Are video games a sport?
Are video games a sport?
Words such as Xbox and Playstation don’t seem to have much to do with sport – but maybe there is more to this connection than meets the eye.
“I had a coach who made a distinction between athletics and sports. He would say that athletics disciplines are measures of physical human prowess. When we think of running, swimming and jumping, they are traditional Greek sports which focus on physical ability. Sports are the gamification of athletics.”
Zach Wigal, CEO of the Gamers Outreach Foundation, posed some interesting questions on 7 December, day two of the Peace and Sport Forum. Speaking as part of a session on “The dawn of digital solutions”, he pointed out that video games share some of the same characteristics as sports – they are competitive, they have a huge following and the stadiums of big sports teams host major video games events.
He asked the audience to consider where video games fall on the spectrum when comparing them to more traditional sports. The more important question, however, is “how do we, as sports enthusiasts, convey the same values?”
The Gamers Outreach Foundation is a nonprofit organisation that provides equipment, technology, and software to help kids cope with treatment inside hospitals. Video games are a familiar pastime to many patients and health professionals are using them to encourage kids to leave their bedside environment. The foundation is setting up portable video game centres in hospitals, to support children and young people in their rehabilitation.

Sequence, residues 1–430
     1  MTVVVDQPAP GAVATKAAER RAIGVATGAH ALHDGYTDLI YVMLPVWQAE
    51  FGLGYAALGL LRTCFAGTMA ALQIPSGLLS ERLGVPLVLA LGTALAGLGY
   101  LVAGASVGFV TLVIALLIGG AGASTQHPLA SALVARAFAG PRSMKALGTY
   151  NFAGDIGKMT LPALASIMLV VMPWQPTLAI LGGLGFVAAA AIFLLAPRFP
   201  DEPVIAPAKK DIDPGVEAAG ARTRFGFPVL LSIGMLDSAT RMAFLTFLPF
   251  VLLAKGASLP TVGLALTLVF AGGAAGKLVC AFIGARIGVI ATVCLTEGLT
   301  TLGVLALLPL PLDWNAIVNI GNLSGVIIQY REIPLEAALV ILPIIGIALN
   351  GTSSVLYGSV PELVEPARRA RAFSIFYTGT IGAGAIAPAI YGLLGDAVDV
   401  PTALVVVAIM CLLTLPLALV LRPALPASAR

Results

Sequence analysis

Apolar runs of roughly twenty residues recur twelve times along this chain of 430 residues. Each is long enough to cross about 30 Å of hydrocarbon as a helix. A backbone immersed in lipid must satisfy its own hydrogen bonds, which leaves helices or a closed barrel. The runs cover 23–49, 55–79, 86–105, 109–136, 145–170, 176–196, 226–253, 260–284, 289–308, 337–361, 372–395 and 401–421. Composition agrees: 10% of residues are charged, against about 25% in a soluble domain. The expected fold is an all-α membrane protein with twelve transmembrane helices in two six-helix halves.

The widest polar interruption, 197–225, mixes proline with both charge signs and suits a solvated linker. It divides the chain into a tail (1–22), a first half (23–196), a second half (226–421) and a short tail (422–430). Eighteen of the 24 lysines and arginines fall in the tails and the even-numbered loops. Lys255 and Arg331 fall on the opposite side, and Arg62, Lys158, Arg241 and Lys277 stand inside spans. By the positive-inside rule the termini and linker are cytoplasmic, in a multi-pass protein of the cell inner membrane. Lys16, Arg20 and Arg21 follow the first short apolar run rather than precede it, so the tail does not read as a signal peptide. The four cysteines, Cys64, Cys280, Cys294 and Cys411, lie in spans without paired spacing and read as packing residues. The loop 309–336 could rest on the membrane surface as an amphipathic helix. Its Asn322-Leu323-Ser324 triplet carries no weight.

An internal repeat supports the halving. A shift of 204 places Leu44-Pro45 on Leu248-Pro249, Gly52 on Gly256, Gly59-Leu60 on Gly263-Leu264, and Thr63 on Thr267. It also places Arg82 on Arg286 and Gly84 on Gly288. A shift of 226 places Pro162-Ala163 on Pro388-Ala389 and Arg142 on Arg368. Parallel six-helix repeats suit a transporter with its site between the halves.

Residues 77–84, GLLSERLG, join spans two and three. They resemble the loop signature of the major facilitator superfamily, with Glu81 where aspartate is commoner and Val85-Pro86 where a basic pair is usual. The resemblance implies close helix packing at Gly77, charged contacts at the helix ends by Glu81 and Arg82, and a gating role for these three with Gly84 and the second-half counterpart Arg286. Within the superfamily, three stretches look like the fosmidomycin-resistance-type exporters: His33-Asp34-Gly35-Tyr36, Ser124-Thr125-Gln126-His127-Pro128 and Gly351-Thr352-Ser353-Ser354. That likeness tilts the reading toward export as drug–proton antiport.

On the other side of the coin, these activities encourage video game enthusiasts to volunteer. They can become mentors and help guide kids through their recovery.
Video games can also be effective platforms for fundraising. Gamers for Giving holds large live-streamed events. Some participants are high-profile social media personalities. They encourage their followers to watch and donate, and the last event raised 300,000 US dollars for social causes.
We see the same patterns in sport, which can support people going through difficult times and encourage volunteerism. Sport stars such as Leonardo Messi help raise awareness and money.
E-sports, defined as multiplayer video games played competitively for spectators, typically by professional gamers, are still in their infancy. Some in that field are currently working to establish federations. Wigal ended his presentation with a call for federations at the Peace and Sport Forum to support this process, not just with organisational issues but also to promote social change:
“I call on you to help us not just to reach young people but to do so in a way that is meaningful to them.”